Follow the rules; provide the information that is required in support of an application; do not apply for a benefit to which one is not entitled; provide the information in as concise and clear a fashion as possible; and be responsive.

We try to help by providing tools to employers to assist them in complying with the law. For example, one of the challenges that a company faces is to ensure the lawfulness of its workforce, and we have E-Verify as a tool that an employer can voluntarily use to assist it in ensuring this.

You came from a very successful private life and decided to go into public life. What appealed to you about the opportunity, and why should young people consider making that sacrifice?

The opportunity to lead, the privilege of being in a position from which one can impact an organization, comes with criticism – sometimes pointed, sometimes broad-brushed. That is one of the costs that comes with public service. But that is an easy cost to pay for the privilege of serving the public and for being able to lead an organization.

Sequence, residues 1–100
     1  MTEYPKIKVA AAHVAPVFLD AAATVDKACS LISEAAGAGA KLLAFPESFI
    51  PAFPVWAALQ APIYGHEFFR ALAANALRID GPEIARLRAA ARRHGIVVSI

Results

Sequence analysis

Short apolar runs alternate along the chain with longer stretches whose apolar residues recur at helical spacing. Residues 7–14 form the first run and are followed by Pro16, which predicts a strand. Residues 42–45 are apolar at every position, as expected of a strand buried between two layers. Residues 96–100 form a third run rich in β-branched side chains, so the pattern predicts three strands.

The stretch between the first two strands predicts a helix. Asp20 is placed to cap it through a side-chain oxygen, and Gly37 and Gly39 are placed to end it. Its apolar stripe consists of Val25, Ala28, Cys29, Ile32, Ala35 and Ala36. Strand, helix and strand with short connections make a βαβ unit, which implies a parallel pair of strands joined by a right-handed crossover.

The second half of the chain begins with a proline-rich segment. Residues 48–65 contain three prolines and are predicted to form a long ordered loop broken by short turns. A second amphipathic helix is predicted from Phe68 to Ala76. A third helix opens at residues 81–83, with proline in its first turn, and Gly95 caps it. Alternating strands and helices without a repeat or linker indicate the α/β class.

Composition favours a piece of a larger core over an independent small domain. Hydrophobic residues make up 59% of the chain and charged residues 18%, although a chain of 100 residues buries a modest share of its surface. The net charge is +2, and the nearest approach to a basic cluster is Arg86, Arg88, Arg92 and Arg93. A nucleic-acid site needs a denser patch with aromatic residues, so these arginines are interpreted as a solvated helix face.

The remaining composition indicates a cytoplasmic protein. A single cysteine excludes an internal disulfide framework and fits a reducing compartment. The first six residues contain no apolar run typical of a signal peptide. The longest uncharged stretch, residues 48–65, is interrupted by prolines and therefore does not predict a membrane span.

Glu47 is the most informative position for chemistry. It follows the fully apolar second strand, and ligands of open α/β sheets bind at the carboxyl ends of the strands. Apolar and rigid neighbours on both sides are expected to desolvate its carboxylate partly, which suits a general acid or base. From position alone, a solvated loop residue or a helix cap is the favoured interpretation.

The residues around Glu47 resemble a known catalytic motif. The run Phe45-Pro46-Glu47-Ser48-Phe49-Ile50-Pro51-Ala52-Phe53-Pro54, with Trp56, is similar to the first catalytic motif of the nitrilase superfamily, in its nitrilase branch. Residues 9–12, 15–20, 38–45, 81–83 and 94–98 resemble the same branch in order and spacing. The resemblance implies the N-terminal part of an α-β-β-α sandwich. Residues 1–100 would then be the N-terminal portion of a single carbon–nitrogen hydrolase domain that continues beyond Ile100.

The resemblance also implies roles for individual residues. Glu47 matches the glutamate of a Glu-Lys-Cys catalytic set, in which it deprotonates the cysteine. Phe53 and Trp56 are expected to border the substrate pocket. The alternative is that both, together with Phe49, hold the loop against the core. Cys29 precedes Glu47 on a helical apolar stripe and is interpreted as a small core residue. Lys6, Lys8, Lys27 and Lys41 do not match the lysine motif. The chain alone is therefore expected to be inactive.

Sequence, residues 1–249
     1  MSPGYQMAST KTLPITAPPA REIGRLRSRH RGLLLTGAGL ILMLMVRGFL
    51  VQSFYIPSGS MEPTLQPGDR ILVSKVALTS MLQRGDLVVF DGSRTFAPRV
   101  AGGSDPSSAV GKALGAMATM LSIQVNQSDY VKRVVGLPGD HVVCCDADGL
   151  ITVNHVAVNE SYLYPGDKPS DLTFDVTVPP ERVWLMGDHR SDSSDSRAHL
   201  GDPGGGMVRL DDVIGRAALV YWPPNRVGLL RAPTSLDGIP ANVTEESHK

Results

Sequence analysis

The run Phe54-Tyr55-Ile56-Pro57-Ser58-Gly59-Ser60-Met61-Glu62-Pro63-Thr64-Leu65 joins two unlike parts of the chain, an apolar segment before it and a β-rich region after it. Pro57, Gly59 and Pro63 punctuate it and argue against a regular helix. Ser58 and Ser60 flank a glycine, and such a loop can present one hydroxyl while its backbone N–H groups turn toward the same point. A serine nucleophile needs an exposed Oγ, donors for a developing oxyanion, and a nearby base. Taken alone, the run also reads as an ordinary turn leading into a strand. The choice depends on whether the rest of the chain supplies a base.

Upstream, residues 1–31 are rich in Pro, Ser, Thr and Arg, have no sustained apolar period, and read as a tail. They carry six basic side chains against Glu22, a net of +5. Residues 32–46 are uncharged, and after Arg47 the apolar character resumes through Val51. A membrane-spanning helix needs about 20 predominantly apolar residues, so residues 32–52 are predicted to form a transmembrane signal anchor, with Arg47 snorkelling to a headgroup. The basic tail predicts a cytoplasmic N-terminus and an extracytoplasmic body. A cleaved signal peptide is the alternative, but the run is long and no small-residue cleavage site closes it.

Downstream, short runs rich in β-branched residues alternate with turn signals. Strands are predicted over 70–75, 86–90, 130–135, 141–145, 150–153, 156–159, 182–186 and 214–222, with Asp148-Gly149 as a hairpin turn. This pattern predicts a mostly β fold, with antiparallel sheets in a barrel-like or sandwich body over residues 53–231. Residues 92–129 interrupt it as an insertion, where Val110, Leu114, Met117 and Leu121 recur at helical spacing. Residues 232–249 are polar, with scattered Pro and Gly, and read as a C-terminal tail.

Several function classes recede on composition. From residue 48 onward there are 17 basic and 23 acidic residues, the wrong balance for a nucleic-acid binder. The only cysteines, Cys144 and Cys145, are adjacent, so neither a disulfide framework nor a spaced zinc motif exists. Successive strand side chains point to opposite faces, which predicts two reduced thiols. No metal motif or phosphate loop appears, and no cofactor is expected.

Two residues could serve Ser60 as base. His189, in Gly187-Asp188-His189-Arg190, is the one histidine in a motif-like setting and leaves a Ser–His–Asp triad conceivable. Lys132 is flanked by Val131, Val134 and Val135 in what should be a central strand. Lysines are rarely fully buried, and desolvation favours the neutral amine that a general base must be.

The benefit that far outweighs any cost is the privilege of working with the people with whom I work, the privilege of supporting them in the pursuit of their mission, and the fulfillment that one achieves from doing both and also serving the public. It’s an extraordinarily fulfilling endeavor and I wouldn’t trade it for the world.

What is the best part of your job, and what have you found to be the most surprising thing about it?

Both have the same answer: The best part of my job is the people with whom I work, all 18,000 of them, and it is the most surprising thing. I say surprising because, coming from outside of government, one truly understands how dedicated people are to the mission of this agency. Here we are in the midst of budget challenges, we have to make certain cuts, and the dedication and tenacity of the people to accomplish the mission is truly something to behold. I’m very privileged to be a part of it.

Are you a lightning person?

I’d like to be more lightning than thunder.